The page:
Court rules experimenting with explosives can be legal

Chez Copeland was cleared of terror charges after a judge ruling
(West Midlands Police)
Security Correspondent

Experimenting with explosives can be legal, the Supreme Court has ruled after an autistic man was charged with terror offences.

Chez Copeland, now 22, had been making explosives at his Coventry home after developing an “obsessive interest” with the military and bomb disposal, the court heard.

He was arrested during a police raid in April 2018 that saw surrounding houses evacuated as his stockpile was safely detonated.

Copeland was initially charged with offences including six counts of possessing information likely to be useful for an act of terrorism.

But a judge formally cleared him of the terror charges after the Supreme Court found such experimentation can be legal.

Delivering its majority judgment yesterday, Lord Sales said: “As a matter of law, personal experimentation and self-education are lawful objects.”

A trial judge initially ruled that Copeland could not use that as a defence and the Court of Appeal dismissed his appeal.

But the Supreme Court was then asked to rule on the matter as a “point of general public importance”.

Appearing at Birmingham Crown Court last week, Copeland admitted the lesser charges of owning a stun gun and acquiring an explosive without a certificate.

The Crown Prosecution Service offered no evidence against him in relation to two offences of making and possessing explosives, and six charges of collecting information likely to be useful to a terrorist.

Judge Mark Wall sentenced him to one year and 10 months in jail but he was released because he had already served the time on remand at maximum security prisons.

The Supreme Court’s ruling sets a precedent for future terror cases, where other defendants may attempt to use “experimentation” as a defence.

The court heard that Copeland has no previous convictions and was diagnosed with autism spectrum disorder as a child.

He was living with his mother in a terraced house in Coventry when he was arrested, and had been using a garden shed as a laboratory where he made a small quantity of HMTD explosive.

Judges said the amount possessed only risked “insubstantial injury or damage” but that Copeland had previously used other chemicals to make explosive substances, as well as initiators and remote detonators, while filming tests on his mobile phone.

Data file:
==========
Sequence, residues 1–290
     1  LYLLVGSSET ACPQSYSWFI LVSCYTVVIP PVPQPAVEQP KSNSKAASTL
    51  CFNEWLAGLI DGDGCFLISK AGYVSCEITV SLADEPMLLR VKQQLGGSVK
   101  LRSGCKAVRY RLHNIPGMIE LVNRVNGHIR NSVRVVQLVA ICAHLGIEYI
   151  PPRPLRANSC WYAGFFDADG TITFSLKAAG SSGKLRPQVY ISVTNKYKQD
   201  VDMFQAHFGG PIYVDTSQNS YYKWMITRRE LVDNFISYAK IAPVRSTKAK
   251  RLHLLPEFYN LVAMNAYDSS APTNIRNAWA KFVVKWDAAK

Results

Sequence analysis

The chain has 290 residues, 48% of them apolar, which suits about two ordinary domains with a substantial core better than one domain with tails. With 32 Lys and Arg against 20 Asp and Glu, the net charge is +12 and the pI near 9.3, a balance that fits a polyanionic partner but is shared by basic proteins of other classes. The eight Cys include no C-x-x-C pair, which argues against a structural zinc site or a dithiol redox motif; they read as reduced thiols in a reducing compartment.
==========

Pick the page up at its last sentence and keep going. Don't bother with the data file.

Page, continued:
HMTD was found the shed and Copeland’s bedroom, where his computer contained explosives manuals and videos.

When interviewed, Copeland told police that he had an obsessive interest in the military since a young age and became interested in bomb disposal after watching the film The Hurt Locker about a US bomb disposal unit in Iraq.

He said he wanted to join the armed forces himself, but was unable to because of his autism diagnosis, and engaged in roleplay.

“The condition of Autism Spectrum Disorder has manifested itself in interests and hobbies becoming obsessional and, in the context of explosives, an obsessional need to understand how explosives work,” the Supreme Court’s ruling said.

Several recent terror cases have seen autistic defendants giving lengthy prison sentences for terror offences, including for planning attacks, after they accessed large amounts of extremist material online.

His lawyers said he has Asperger’s Syndrome and that the Supreme Court’s judgment was a “significant ruling” for others.

They said that while making the explosives, Copeland was “dressed in full military uniforms and play-acting being a member of specialist armed forces”.

Copeland lived with his mother and rarely left the home, his lawyers said, and has no allegiance to any political, religious or terror group.

His solicitor Graeme Hydari, a partner at Hodge Jones and Allen, said: “Chez is a quiet non-violent young man with Asperger’s Syndrome who lives a socially isolated life because of his condition. He is very vulnerable himself.

“Unfortunately, his obsessive interest in all things military and explosives, including how to make them, resulted in him coming to the attention of counterterror police.

“Autism is not in itself a defence to criminal charges, but the condition can be an explanation for behaviour which may amount to potentially criminal acts, even though the autistic individual has no such thoughts or intentions.”

Three Supreme Court judges, including president Lord Reed, supported yesterday’s judgment, while two dissented.

Lord Lloyd-Jones and Lord Hamblen argued that personal experimentation and private education could not be a defence unless someone could prove they were going to use the explosives lawfully.

They said Copeland’s actions created an “obvious risk of causing injury, damage to property, and a public nuisance”.